For the last several years, the vast majority of my work has revolved around refugees, both producing materials for them, and sharing their stories with others who want to understand a bit more about what they’re experiencing.

I need to make a trip to Lesvos early in 2018 in preparation for a the big film project I’m working on.  I’ve trimmed my expenses on that trip down to the bare minimum, but I still need some help to make it happen. If you’d like to give toward that, click the image above, of follow this link.

Giving Opportunity: Ted and Brandy

Over the next several days, as we head toward the Christmas holiday, I thought I would share with you some key ways that you could impact our work through giving.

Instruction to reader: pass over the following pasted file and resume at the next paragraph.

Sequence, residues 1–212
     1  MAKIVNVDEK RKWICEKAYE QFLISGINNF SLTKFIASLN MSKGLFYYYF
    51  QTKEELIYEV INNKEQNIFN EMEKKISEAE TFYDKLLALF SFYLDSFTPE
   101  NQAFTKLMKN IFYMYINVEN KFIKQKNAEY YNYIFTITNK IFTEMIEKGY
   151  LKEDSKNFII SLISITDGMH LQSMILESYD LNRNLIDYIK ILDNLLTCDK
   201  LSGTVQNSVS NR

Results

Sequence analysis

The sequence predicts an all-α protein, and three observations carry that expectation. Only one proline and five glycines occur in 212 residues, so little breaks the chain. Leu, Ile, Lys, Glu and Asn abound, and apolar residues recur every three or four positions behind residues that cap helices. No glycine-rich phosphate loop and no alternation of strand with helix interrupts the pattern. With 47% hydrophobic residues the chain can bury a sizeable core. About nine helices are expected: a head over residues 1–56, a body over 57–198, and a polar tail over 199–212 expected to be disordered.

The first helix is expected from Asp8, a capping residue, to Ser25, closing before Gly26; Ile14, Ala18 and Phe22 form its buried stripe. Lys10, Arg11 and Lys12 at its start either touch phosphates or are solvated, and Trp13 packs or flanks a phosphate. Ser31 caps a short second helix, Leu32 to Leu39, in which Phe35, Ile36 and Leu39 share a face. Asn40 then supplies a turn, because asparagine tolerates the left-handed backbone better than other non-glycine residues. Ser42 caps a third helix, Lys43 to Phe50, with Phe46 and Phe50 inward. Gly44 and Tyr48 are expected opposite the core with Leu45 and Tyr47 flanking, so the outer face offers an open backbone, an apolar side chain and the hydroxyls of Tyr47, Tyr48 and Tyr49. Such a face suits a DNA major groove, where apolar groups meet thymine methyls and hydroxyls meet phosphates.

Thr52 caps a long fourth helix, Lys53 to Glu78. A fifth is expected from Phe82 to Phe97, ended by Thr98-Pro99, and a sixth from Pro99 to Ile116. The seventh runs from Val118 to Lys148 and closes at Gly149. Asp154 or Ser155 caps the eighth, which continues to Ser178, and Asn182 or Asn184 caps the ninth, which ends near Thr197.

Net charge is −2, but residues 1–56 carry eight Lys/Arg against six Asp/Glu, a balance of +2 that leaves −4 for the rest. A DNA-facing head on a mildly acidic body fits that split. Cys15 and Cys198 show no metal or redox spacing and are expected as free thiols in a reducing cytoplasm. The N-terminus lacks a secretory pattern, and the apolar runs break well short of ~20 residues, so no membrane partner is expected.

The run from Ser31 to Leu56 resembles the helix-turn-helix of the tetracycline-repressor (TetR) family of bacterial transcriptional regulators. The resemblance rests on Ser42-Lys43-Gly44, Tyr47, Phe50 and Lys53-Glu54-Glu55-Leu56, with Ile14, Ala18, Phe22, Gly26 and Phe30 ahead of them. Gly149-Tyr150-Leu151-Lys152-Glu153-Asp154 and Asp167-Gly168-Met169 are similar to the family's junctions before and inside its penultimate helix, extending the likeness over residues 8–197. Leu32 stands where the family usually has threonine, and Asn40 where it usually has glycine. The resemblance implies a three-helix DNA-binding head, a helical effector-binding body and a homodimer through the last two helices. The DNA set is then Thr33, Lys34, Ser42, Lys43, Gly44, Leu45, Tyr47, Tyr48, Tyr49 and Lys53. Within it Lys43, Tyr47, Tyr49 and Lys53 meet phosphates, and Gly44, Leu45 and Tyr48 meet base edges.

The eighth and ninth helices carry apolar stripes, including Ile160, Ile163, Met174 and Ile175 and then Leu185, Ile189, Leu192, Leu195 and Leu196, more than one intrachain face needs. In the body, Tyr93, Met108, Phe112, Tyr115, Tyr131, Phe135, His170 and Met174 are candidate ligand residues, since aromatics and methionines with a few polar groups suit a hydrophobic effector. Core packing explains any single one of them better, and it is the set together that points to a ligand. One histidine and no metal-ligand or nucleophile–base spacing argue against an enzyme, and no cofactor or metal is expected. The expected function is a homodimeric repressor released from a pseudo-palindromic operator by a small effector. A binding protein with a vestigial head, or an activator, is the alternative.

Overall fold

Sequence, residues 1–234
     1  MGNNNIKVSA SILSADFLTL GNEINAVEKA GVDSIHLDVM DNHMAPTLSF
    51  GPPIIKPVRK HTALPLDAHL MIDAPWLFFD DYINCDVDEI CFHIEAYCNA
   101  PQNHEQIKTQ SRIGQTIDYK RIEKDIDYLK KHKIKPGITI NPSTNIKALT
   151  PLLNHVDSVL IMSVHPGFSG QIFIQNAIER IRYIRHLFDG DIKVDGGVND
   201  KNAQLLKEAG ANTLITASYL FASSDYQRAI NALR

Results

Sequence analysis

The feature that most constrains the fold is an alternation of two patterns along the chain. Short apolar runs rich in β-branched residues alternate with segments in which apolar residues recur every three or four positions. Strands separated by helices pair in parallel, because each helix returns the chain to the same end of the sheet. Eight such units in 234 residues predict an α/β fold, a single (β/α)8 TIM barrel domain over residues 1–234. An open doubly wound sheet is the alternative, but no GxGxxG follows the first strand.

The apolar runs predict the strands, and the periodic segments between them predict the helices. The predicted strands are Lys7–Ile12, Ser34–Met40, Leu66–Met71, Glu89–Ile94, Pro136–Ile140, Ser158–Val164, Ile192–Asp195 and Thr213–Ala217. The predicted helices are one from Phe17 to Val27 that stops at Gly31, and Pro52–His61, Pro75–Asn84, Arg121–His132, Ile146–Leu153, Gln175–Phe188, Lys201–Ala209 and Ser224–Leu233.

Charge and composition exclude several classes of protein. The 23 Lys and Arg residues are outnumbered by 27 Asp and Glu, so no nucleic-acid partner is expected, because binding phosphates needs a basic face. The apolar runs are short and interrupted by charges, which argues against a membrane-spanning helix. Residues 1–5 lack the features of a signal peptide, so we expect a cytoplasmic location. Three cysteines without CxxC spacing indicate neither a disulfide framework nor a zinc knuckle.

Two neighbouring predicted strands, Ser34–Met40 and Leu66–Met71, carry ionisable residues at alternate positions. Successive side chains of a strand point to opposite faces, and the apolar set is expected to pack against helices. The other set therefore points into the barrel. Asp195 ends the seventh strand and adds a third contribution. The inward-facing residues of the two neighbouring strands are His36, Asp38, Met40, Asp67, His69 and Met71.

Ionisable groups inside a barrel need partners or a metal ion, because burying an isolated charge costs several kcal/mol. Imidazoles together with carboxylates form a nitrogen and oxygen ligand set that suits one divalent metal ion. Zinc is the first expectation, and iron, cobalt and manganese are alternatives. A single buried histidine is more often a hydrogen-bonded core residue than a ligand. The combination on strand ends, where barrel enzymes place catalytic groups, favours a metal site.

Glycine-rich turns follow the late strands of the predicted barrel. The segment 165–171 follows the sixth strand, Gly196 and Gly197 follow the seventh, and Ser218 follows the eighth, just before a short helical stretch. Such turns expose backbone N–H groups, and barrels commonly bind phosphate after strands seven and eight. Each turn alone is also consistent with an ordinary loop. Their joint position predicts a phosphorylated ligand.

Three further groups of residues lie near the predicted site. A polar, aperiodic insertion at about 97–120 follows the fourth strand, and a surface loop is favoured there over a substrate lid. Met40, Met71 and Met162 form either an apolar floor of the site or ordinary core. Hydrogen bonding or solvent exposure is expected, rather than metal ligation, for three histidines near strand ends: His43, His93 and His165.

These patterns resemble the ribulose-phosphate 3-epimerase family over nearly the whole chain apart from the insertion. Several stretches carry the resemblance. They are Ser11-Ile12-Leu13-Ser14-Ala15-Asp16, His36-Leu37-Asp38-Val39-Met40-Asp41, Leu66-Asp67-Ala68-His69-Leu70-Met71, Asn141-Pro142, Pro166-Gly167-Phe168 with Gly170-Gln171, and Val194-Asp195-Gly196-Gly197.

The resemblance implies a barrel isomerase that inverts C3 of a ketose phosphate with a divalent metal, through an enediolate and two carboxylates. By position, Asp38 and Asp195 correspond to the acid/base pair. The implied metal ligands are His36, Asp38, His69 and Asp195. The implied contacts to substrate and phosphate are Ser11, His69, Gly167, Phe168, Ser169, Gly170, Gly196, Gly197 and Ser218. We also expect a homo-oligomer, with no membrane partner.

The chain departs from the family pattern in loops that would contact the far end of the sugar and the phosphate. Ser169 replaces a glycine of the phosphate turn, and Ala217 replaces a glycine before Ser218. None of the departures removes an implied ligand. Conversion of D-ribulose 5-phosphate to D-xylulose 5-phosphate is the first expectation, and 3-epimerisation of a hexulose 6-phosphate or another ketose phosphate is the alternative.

Brandy and I don’t have any sort of conventional salary. All of our funds come from the generous donations of people just like you. So, I hope you’ll consider us if you’re making year end in contributions.

We greatly appreciate your prayers and gifts as we continue our work: Brandy, caring for the medical and health needs of missionary kids at Black Forest Academy, and me, making challenging, culturally appropriate films which point people toward Jesus.

Of course, we understand not everyone can pledge money. We also covet your prayer commitments, and with the growing importance of social media — your willingness to share.

Click here to make a year-end gift, or a new monthly support pledge. If you’d like to commit to praying for us, or to share our posts and materials, let us know in the comments.

God bless!

Ted and Brandy

Other posts in this series:

Travel Costs

New Editor